Suppose there are $n$ goats and the building has $n$ floors. Let $a_i$ be the floor preference of goat $i$, with $i=1,\dots,n$. We will say a vector of floor preferences $v=(a_1,a_2,\dots,a_n)$ is “crowded” if it leads to exactly one goat on each floor.

Let $f(n)$ be the number of crowded floor preferences. Since there are $n^n$ total possible preference vectors (each of the $n$ goats can prefer $n$ different floors), the probability that each goat finds a floor is $f(n)/n^n.$ Therefore, solving the problem amounts to finding $f(n)$.

The following elegant counting argument is due to Pollak (1974). We start by considering a modified version of the problem:

- Add one extra floor (the roof). The goats are allowed to pick this $(n+1)^\text{st}$ floor as their preferred floor.
- Just like the other floors, the roof can accommodate at most one goat.
- If a goat ends up on the roof and there is no space for it, the goat “wraps around”; it takes the elevator back down to the first floor and continues its search for an open floor.

In our modified version of the problem, each goat will eventually occupy a floor (possibly the roof), and there will be exactly one empty floor. If the empty floor is the roof, then no goat had the roof as its preferred floor, no goat ever visited the roof, and no goat ever had to take the elevator back down. Therefore, the vector of floor preferences was crowded according to our original definition. Conversely, if one of the other floors ends up empty, then a goat ended up on the roof, which means the original vector of floor preferences was either invalid (one of the goats picked the roof), or the preferences were valid but a goat nonetheless overflowed onto the roof.

So not only is $f(n)$ equal to the number of crowded preference vectors in the original problem, it is also equal to the number of preference vectors in the modified problem that lead to the roof being empty.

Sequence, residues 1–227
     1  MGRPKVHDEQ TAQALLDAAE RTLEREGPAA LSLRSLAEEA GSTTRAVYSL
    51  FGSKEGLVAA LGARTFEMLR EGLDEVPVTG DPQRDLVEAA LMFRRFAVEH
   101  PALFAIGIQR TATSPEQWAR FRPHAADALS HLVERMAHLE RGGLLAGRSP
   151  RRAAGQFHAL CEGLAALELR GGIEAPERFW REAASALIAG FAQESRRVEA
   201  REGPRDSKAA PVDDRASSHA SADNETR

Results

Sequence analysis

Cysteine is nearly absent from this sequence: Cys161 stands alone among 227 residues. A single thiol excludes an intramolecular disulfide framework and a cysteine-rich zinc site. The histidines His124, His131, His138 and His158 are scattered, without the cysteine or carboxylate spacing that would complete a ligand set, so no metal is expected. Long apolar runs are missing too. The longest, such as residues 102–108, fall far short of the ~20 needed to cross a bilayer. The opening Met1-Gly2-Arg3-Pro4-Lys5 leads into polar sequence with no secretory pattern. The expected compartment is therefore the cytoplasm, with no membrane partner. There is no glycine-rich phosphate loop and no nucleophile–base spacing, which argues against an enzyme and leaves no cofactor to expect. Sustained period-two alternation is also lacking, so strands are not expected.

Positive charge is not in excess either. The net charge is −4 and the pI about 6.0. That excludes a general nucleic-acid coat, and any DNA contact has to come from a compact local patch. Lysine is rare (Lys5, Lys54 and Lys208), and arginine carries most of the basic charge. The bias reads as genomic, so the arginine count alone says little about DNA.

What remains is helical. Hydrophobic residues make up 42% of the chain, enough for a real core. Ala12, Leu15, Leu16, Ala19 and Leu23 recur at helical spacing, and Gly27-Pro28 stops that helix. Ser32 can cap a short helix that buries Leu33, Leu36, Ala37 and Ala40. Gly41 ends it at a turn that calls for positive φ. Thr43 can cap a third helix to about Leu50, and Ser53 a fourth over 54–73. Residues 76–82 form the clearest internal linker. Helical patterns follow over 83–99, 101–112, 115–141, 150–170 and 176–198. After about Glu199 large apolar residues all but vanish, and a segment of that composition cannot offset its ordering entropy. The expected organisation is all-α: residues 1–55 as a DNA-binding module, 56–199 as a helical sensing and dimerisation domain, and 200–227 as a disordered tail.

The final piece to this argument is to realize that there must be an equal number of preference vectors that lead to the $k^\text{th}$ floor being empty, for $k=1,\dots,n+1$. This follows because of the symmetry in the modified version of the problem. Specifically, if a particular preference vector $(a_1,\dots,a_n)$ leads to floor $k$ being empty, then $(a_1+j,\dots,a_n+j)$ leads to floor $k+j$ being empty (where we wrap all numbers around so they are in the range between $1$ and $n+1$).

Since there are $(n+1)^n$ total possible preference vectors for the modified problem (each of the $n$ goats can prefer $n+1$ different floors), and there are $n+1$ possible empty floors, we obtain

\[

f(n) = \frac{(n+1)^n}{n+1} = (n+1)^{n-1}

\]Converting this number into a probability as explained at the beginning of the solution, we find that the probability that $n$ goats have a crowded set of preferences is

$\displaystyle

p(n) = \frac{(n+1)^{n-1}}{n^n} = \frac{1}{n+1}\left(1+\frac{1}{n}\right)^n

$

For the case $n=10$, we can calcluate:

\[

p(10) = \frac{11^9}{10^{10}} = \frac{2{,}357{,}947{,}691}{10{,}000{,}000{,}000} \approx 23.58\%

\]

Since $\lim_{n\to\infty} \left(1+\frac{1}{n}\right)^n = e$, it follows that in the asymptotic limit of large $n$, we have $p(n) \sim \frac{e}{n+1}$. Here is a plot comparing the true probability to this asymptotic approximation.

### About this problem’s history

This sort of counting problem, where you start with a preference and move to the next available open slot, is also known as a *parking problem*, because its original formulation was about cars trying to park on a one-way street and taking the next available open spot. There are many other equivalent counting problems, which you can find more about in the entry A000272 in the Online Encyclopedia of Integer Sequences. For a wonderful explanation of the parking problem and other related counting problems, take a look at Richard Stanley’s slides on the topic. The solution in my post above is based on the argument in Richard’s slides, which is due to Pollak (1974).